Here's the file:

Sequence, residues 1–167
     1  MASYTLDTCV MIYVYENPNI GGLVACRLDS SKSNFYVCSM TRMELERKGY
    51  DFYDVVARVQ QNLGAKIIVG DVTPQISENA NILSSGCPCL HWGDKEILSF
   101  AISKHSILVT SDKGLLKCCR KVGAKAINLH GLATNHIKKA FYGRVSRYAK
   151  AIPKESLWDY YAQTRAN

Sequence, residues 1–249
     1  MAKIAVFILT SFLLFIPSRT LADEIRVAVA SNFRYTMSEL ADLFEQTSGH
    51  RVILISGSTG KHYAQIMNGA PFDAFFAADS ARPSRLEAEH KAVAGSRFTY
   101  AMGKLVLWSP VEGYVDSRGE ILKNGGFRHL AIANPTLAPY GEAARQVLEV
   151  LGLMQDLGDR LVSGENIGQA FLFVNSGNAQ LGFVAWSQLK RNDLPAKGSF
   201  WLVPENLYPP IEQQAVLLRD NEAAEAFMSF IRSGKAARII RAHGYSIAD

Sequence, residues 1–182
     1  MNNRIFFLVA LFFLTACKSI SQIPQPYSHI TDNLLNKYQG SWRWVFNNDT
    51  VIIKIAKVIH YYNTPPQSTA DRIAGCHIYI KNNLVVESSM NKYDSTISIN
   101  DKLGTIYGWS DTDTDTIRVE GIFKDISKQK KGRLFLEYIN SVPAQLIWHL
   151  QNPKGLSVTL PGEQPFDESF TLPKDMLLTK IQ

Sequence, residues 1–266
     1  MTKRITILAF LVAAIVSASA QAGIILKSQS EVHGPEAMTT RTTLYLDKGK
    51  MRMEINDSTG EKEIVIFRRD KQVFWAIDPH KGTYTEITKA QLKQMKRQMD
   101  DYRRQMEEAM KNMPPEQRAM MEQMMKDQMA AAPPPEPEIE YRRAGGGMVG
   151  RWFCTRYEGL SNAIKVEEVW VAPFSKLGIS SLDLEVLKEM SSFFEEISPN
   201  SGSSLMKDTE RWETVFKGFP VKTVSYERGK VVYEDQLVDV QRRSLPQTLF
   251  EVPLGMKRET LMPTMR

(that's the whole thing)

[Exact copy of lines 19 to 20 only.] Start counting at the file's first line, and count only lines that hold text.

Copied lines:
    51  MRMEINDSTG EKEIVIFRRD KQVFWAIDPH KGTYTEITKA QLKQMKRQMD
   101  DYRRQMEEAM KNMPPEQRAM MEQMMKDQMA AAPPPEPEIE YRRAGGGMVG